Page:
Another way Zoro continues to enhance its brand visibility is through partnerships. When a customer orders a pair of gloves on, it’s drop-shipped from a distributor or OEM in Zoro branded packaging. The site transactions are Zoro’s to manage and customers can then be targeted for cross-selling opportunities.

Zoro also employs a highly experienced digital marketing team which has allowed the company, according to Weadick, “to build some really deep expertise that we think is helpful. I think if you look at Grainger, with the investments they make in and what Zoro is making… both of the businesses have a very digital-forward view of where customers are going, where they need to be. And I think the market needs to be thinking about that,” he says.

Creating Competitive Advantages

Iwd Panel PhotoZoroZoro has several valuable advantages when it comes to its position within the market. It’s one of the few businesses targeting industrial customers that’s been e-commerce from the ground up, lending the company a unique agility compared to traditional distributors who are bolting on web transactions. As a cloud-native business, Zoro’s technology infrastructure is inherently scalable. Not only that, it’s had a ten-year head start on many companies just now capturing online data and making it impactful for customer experience.

The other benefit, says Weadick, is the company’s culture. Zoro has worked hard to retain its core values despite the rapid growth that sent staffing levels skyrocketing from a few dozen in 2011 to more than 450 today.

So how does Zoro keep the startup feel? Weekly company-wide meetings help maintain touch points with employees, and Zoro efforts to eliminate silos and offer its staff the ability to make decisions and take accountability. “We need to be agile and really adaptable, and we want to have a lot of ownership within the individual teams. So not top down, but more of an empowered team,” says Weadick.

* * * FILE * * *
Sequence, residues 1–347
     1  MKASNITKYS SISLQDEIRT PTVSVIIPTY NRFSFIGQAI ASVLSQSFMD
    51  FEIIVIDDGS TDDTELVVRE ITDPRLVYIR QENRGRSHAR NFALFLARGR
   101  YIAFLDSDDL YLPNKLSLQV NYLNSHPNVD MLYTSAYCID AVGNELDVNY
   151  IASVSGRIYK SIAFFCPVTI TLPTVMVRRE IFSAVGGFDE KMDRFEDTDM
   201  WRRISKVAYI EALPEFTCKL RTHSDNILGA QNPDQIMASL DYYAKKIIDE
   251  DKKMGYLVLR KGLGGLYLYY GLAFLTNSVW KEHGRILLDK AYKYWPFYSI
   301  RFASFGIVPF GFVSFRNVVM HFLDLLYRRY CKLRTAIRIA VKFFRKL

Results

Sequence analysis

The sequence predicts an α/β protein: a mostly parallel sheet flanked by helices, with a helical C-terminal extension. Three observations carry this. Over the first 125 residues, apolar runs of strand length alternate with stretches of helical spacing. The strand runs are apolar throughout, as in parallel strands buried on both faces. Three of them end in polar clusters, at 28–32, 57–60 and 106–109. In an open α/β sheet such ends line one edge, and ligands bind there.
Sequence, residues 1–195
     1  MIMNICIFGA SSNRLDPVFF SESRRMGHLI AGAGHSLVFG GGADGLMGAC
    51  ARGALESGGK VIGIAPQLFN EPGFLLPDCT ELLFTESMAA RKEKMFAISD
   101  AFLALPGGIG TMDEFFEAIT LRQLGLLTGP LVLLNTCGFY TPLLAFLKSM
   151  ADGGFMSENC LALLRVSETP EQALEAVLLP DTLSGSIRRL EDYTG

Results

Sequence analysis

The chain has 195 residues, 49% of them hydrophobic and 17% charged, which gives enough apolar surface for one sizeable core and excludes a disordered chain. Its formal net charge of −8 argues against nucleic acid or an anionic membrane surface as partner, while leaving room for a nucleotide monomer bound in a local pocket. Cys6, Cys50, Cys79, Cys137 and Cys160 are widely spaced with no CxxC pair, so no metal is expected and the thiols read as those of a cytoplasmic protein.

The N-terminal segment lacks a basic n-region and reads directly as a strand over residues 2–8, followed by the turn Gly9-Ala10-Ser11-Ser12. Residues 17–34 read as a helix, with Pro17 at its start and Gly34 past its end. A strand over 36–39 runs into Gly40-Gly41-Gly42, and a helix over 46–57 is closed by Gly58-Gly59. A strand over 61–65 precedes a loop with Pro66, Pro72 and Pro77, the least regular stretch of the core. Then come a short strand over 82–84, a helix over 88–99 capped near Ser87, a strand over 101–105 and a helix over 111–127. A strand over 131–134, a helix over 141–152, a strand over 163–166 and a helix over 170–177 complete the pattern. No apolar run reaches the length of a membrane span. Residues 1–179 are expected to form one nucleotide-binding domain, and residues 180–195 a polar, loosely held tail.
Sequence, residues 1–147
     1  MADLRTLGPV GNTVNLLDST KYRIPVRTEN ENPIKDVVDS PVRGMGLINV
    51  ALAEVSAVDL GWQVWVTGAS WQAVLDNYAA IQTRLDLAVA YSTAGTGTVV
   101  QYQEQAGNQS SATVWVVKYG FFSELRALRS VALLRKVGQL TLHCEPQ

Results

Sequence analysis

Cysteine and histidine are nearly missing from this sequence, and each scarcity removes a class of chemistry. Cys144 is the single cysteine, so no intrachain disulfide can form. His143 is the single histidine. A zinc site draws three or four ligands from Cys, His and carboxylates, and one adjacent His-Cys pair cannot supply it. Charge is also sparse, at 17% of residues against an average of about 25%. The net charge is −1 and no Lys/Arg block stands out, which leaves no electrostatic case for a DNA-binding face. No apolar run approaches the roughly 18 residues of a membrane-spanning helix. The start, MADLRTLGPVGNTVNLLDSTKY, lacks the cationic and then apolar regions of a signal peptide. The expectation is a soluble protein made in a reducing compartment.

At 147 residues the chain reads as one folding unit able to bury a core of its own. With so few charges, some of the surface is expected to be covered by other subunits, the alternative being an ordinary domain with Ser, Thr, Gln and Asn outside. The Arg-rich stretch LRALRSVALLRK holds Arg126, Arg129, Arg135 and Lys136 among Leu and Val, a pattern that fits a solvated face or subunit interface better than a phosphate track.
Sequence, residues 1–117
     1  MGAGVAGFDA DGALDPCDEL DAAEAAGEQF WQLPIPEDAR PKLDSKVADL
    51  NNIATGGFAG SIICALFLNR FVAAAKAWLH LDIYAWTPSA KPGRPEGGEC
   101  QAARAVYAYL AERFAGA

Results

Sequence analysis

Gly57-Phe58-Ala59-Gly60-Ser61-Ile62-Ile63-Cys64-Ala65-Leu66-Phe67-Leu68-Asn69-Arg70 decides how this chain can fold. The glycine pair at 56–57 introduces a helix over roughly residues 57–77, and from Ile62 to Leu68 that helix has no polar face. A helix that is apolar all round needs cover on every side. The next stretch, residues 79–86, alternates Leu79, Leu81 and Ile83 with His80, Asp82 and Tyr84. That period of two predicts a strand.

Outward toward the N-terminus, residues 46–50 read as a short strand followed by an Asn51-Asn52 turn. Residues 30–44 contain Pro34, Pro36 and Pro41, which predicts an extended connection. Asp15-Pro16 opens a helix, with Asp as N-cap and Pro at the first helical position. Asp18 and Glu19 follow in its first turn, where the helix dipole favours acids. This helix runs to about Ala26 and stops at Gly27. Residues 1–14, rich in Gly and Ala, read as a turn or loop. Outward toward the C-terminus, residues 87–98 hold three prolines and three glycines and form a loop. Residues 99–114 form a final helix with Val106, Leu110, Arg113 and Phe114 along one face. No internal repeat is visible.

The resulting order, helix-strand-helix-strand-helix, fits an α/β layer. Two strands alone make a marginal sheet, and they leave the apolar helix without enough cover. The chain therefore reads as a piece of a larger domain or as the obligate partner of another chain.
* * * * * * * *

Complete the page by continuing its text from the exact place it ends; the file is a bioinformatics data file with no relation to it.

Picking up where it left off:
“As a digital business, we don't have a salesforce, we don't have branches or shops that someone can come into. How do we create this culture that's really focused on improving the experience for customers? That's really important to us as well. So, what we've tried to do is make sure that we are continually reinforcing those values as we go forward as a business.”

The B2B e-Commerce Challenge

Dsc 1547ZoroAfter nine years of rapid growth, Zoro isn’t stopping any time soon. With more than 4 million items available and “aspirations to have a much bigger assortment,” says Weadick, the company plans to continue its investments in cutting edge technology in order to manage scale effectively — especially when marketing these goods across various markets and channels. “What we do today will likely need to evolve each and every year as we go forward because of the scale of the assortment,” he explains. “We need to be very, very data-driven and focused on automation and machine learning or other techniques in order to get the kind of scale that we need, efficiently. So,when I think about the defining challenge for the business, it's building an assortment and then creating an experience that allows customers to navigate to that assortment and then figure out how to make sure we can market that assortment across a variety of channels. There aren't that many businesses that would have millions of items in their digital marketing channels.”

And outside of Zoro’s sheer breadth of product, there’s a more overarching challenge -- one that applies to all B2B organizations weathering the changes in purchasing dynamics. While consumer trends continue to influence requirements in B2B e-commerce, Weadick believes that the B2B experience requires even more nuanced understanding of the customer experience, like factoring in how to handle transactions that require approvals.

The other issue is managing cross-device or omni-channel issues, where users jump from a phone to a desktop. But there’s an added challenge that’s very specific to B2B, says Weadick. “What if the person that looked on the phone isn't actually the person that does the buying? And how do you actually apply attribution that helps you understand whether you're spending your advertising dollars efficiently? And so I think you'll see this B2C-type orientation come, but I actually think B2B will be harder and more complicated for people to work through.”